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TheLoucheyMonster!

Butterfly's distiller fights Prohibition, 1908

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While not directly related to absinthe, here is an anti-prohibition tract written by George C. Dempsey, and published and distributed by P. Dempsey & Co.. the historic makers of the original Butterfly Absinthe from Boston.

 

A snapshot of the Wets vs Drys in 1908 New England.

about 36 pages and can be read online here:

http://pds.lib.harvard.edu/pds/view/42536507?n=1&imagesize=1200&jp2Res=.5&printThumbnails=no

 

 

 

post-3372-0-28469200-1382478767_thumb.jpg

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Actually the bottle that was found was half-full. It was sold as such on Ebay to Frenchman, but when the bottle arrived, it had been emptied. He has his suspicions as to what happened to the content. Eventually he got a partial refund and sold the empty bottle on to David Nathan-Maister.

 

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So theres no surviving record of anyone whos tried this drop? Im curious because of the current Butterfly. Does anyone know if Monsieur Bugnon had access or was it just a recipe that he has based this distill on? Its one fine absinthe for sure. Imagine unearthing a rare bottle of this today!

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Nice article thanks for sharing, Im curious like others for sure on more details as to how the current Butterfly was modelled on the original -recipe, technique etc.. and what elements it may share with the original. I have found a Bugnon flavoural twist in the current Butterfly, something citrusy about it which is also evident in Angelique. So if anyone one here can put their hand up to say theyve tried preban Butterfly then now is the time to express your opinions, if you are the caring sharing type that is. :shifty:

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Age is going to change some things so even if someone can tell you what it tasted like, it would differ from modern CO butterfly even if the recipe were exactly the same AND the same protocols were used.

Edited by greytail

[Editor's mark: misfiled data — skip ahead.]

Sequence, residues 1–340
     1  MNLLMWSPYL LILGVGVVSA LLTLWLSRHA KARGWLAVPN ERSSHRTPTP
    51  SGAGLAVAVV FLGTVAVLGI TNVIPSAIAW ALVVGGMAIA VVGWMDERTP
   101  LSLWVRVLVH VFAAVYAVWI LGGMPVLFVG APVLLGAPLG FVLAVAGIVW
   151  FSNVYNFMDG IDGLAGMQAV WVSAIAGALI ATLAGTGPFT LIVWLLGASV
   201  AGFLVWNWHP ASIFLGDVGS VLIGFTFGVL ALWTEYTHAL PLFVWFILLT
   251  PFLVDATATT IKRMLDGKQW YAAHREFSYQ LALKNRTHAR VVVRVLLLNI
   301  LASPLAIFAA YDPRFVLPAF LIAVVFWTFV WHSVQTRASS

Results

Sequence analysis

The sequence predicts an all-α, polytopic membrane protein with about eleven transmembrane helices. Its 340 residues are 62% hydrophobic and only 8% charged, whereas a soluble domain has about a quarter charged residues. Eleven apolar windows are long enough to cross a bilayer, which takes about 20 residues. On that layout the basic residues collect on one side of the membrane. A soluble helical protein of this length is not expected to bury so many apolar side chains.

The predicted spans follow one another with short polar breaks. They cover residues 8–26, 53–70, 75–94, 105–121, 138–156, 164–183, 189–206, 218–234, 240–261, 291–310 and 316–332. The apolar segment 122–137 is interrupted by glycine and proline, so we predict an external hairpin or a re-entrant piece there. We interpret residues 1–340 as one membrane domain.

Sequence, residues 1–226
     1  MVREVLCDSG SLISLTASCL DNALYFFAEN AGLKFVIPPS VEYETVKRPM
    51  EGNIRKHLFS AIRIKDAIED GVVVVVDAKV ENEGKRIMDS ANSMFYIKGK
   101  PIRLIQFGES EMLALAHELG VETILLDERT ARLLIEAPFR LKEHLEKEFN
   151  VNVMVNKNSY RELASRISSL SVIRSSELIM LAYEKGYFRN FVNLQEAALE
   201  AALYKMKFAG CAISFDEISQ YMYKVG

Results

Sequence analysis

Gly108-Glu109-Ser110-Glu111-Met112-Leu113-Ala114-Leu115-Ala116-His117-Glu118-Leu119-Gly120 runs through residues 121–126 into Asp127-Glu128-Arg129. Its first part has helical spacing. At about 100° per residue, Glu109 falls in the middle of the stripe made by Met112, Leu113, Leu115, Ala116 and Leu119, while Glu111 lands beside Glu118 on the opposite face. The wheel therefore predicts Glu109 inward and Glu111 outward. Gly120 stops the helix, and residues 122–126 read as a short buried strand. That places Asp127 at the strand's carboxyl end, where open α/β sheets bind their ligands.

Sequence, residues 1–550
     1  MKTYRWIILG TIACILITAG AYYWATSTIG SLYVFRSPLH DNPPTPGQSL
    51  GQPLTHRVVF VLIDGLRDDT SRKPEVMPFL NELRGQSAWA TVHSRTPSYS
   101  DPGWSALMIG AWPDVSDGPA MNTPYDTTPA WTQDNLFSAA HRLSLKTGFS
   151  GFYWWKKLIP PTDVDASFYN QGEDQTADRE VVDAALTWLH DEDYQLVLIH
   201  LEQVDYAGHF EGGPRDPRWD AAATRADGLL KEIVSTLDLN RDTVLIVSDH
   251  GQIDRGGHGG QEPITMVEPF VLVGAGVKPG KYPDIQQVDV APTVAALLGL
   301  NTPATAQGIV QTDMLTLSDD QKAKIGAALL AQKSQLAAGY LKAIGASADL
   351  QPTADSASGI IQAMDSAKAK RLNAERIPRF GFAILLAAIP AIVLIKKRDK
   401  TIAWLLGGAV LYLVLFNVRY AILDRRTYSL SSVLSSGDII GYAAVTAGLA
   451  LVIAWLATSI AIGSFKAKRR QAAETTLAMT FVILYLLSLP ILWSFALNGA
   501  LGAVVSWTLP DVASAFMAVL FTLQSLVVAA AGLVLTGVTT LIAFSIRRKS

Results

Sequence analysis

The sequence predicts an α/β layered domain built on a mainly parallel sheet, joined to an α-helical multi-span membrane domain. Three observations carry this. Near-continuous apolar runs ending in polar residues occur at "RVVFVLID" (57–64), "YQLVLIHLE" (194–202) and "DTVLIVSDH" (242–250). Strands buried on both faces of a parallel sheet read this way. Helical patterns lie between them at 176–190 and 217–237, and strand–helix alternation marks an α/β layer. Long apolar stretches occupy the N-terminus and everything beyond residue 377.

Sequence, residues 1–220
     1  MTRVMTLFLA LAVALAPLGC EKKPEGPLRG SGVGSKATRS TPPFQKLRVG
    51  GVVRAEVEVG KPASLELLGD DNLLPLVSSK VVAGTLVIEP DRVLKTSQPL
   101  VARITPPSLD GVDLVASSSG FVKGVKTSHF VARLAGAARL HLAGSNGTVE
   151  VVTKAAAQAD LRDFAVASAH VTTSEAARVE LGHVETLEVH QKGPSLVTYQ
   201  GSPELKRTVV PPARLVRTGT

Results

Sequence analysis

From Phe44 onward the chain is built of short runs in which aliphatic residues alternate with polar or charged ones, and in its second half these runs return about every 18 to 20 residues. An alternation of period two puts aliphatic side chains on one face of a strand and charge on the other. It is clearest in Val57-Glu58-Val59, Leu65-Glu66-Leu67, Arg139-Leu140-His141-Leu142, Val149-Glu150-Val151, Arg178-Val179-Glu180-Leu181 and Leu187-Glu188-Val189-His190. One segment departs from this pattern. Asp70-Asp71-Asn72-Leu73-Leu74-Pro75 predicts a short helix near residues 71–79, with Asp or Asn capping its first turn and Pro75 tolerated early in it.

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Age is going to change some things so even if someone can tell you what it tasted like, it would differ from modern CO butterfly even if the recipe were exactly the same AND the same protocols were used.

Yes totally understand that, remember I started the Thread about the "Validity of Antiquated Comparison". Having tasted preban Georges Pernod 1910 has opened my palate immensely. Though I realise it was a 100 y.o drop I could still discern the distinct structure of its flavour components and can only 'imagine' what would have tasted like on release. One thing that struck me was the quality and how it could still have fresh accents after over 10 decades.

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You have a bottle of unopened Bugnon Butterfly stored for 2 years? Please share your thoughts. Ive got one unopened and put aside. Who knows how long it will be stored for. Ive been able to cellar wines for a few decades, the problem is in a few decades from now Im gonna be a few decades older..and possibly my tastebuds may be well depreciated by then!

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No on the taste buds, but you are right. There should be some tastes which will compare with today's version if the same recipe was used for both. Always a chance there (were) are those proprietary secrets in both though. Those might account for the difference along with the age.

 

Now I need to have some butterfly.

Edited by greytail

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Its an interesting concept of distilling from original recipe and puported methods. But the source of the original wormwood and other herbs, water, alembics etc would differ in the new process. One thing is for sure the current Butterfly is an extremely fine drop and one of my favourites, Im wondering if it be even remotely possible that if we had a time machine the current one could be better than the original. Now where's DR WHo when I need him.

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Those herbs would indeed differ but not to the point of being unrecognizable. Though I get what you are saying.

Edited by greytail

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Im wondering if it be even remotely possible that if we had a time machine the current one could be better than the original.

 

Interesting question. I like to think that the "know-how" of Claude-Alain (which is itself built on the "know-how" of others in Switzerland) is going to add something to the final product, even working with the same recipe. George C. Dempsey didn't have that much opportunity to develop his know-how, also made whiskey and gin, and absinthe was not his "first love" and focus. Having said that, it's a great recipe, so he certainly got that bit right!

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I think this would be a reasonable assumption, considering the quality? of finer ingredients which are chanelled into the new produce, as well as the higher level of experience and expertise which Claude Alain brings to the table. Some of the evidence would be proof from how many succesful consecutive batches Bugnon has done VS How many consecutive succesful batches Dempsey did.

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I don't know if comparing the number of batches each made means much.

Modern Butterfly is global. while historic Butterfly was likely very local. Not to mention the fact that Americans in that time tended to use absinthe in smaller amounts, in dashes and spots.

 

What was the absinthe market like in 1900 Boston? and who knows how much competition.

Edited by TheLoucheyMonster!

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